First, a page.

Trials of what its owners claim is the first time an underwater inspection vehicle has operated truly autonomously have been carried out at the Nordsee One offshore wind farm in the German North Sea.
The A.Ikanbilis ‘hovering’ autonomous underwater vehicle (HAUV) was conducted in a joint project by manufacturer BeeX Pte and Subsea Europe Services.
They say the HAUV ‘demonstrated true autonomous operation of an underwater inspection vehicle for the first time ever’, at the same time demonstrating ‘the transformative potential of true autonomy’.
During the trial, the vehicle inspected monopile foundations including current cathodic protection anodes and cable protection systems without any human getting involved.
“The ability to make these decisions without operator input is possible due to the AI continuously learning from the suite of tightly integrated sensors, allowing intelligent adaption to complex and changing environments, such as tides, currents and visibility,” the operators said.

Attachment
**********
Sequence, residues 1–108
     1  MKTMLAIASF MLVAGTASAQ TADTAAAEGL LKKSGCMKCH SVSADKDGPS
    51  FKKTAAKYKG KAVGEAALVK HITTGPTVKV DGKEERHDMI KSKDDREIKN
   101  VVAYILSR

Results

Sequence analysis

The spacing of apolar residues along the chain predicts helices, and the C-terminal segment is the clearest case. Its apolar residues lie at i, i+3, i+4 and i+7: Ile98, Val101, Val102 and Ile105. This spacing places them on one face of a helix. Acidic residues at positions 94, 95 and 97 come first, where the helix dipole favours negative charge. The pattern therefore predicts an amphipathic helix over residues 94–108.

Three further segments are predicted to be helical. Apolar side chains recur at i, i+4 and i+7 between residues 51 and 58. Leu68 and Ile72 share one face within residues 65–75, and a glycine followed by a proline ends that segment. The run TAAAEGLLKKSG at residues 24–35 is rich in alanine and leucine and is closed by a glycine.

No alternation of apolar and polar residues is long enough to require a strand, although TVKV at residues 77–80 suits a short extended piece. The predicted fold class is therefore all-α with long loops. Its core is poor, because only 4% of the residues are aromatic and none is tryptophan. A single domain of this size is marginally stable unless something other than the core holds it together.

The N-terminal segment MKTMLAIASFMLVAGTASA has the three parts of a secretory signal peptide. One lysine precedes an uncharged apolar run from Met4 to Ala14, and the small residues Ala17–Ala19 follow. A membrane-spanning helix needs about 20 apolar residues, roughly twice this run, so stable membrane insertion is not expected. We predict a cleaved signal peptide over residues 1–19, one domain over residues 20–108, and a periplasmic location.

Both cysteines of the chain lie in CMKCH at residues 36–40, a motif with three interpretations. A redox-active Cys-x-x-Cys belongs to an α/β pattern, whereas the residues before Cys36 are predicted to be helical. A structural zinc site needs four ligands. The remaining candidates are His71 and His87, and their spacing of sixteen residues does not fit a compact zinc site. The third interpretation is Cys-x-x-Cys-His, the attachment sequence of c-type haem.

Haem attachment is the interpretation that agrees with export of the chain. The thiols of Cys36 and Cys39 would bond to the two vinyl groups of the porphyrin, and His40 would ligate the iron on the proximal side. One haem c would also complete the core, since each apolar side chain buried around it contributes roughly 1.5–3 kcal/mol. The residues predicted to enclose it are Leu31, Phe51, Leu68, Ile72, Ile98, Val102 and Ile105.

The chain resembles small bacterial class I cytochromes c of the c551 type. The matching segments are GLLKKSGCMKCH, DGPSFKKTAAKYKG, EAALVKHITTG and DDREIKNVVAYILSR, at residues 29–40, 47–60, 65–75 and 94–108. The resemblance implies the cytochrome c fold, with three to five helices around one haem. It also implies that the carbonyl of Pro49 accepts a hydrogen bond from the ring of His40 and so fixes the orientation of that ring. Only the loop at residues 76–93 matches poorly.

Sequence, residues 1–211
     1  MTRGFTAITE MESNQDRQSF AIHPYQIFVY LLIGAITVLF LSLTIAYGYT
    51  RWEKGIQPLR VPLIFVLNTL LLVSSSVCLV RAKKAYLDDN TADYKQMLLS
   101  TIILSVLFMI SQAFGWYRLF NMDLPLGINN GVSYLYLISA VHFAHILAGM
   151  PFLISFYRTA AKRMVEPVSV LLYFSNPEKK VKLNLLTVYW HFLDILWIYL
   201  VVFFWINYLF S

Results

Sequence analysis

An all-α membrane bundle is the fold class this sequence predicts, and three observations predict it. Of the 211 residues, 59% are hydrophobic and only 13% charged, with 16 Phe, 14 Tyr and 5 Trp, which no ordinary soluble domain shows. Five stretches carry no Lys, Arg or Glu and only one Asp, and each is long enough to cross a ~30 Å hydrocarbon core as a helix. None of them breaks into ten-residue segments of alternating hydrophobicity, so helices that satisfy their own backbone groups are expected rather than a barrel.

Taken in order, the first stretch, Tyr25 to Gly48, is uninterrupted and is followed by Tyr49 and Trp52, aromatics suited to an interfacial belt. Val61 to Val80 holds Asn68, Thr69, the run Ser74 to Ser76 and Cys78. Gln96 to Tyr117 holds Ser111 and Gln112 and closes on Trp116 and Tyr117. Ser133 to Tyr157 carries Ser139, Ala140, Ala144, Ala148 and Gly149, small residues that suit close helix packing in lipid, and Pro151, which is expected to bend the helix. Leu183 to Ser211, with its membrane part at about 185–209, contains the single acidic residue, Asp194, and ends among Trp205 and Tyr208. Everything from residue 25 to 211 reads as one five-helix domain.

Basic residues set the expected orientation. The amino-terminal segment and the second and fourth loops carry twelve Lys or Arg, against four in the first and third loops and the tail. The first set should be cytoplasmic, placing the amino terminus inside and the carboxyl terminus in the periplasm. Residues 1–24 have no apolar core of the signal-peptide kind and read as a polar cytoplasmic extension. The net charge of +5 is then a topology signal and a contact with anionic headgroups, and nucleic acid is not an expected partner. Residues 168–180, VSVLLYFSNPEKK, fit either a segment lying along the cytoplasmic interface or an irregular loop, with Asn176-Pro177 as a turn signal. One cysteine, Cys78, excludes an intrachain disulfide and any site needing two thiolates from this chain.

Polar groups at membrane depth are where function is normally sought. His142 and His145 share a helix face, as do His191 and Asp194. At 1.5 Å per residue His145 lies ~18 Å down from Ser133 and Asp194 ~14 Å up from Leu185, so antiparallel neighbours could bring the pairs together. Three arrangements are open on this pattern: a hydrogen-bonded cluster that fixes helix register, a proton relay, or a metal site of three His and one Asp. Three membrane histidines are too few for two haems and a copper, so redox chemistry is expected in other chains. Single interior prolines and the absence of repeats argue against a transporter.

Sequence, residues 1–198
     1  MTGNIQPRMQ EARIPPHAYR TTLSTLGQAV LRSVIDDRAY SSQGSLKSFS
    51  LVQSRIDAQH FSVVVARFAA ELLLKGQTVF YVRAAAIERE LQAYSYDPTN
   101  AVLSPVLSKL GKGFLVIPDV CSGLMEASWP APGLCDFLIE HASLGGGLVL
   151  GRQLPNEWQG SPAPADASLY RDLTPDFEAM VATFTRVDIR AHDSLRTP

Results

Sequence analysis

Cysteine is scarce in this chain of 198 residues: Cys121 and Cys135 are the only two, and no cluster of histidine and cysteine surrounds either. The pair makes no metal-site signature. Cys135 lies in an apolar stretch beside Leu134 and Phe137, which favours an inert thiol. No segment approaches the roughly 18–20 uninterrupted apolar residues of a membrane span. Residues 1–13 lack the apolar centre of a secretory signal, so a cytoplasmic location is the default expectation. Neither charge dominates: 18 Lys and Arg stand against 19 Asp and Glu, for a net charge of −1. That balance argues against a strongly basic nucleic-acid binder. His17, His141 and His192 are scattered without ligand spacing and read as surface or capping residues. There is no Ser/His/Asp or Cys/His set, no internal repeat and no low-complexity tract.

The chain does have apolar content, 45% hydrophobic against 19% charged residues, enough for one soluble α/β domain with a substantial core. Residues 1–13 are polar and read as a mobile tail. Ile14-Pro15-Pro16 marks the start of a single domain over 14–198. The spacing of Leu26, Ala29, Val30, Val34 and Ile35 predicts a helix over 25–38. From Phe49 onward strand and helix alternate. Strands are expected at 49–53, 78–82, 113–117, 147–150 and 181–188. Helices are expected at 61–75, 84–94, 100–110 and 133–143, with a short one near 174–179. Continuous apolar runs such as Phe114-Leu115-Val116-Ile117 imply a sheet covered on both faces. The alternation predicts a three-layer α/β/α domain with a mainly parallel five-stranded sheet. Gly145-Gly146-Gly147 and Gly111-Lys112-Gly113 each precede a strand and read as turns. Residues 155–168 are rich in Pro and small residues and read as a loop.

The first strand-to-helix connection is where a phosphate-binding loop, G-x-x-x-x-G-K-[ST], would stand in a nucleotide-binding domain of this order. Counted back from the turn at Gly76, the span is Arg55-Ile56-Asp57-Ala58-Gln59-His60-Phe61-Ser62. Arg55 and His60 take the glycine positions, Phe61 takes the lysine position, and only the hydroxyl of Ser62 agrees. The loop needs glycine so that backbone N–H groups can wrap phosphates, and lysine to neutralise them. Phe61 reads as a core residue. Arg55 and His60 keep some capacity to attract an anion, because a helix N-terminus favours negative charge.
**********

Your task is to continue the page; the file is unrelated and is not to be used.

It also did not need any onsite support vessel, and geo-referenced reporting of the monopile condition and 3D CPS inspection was provided in near real-time via an integrated cloud-based platform, reducing the typical weeks-long wait for traditional reports to mere seconds.
The A.Ikanbilis has an AI-powered engine that allows true ‘launch and leave’ functions for different underwater tasks, whether tethered or untethered.
Equipment and manpower costs are thus slashed, while capacity and safety are increased.
“While we hear a lot about remotely-operated and autonomous technologies for marine data acquisition and underwater inspection, this is the first time we have witnessed a platform actually think and react accordingly to ensure an optimal approach based on the prevailing conditions,” said Jan Schmökel, Balance of Plant Engineer at Nordsee One GmbH. “The speed and quality of the data reporting are unprecedented, and we are delighted to be trialling these innovations to achieve maximum value at our windfarms.”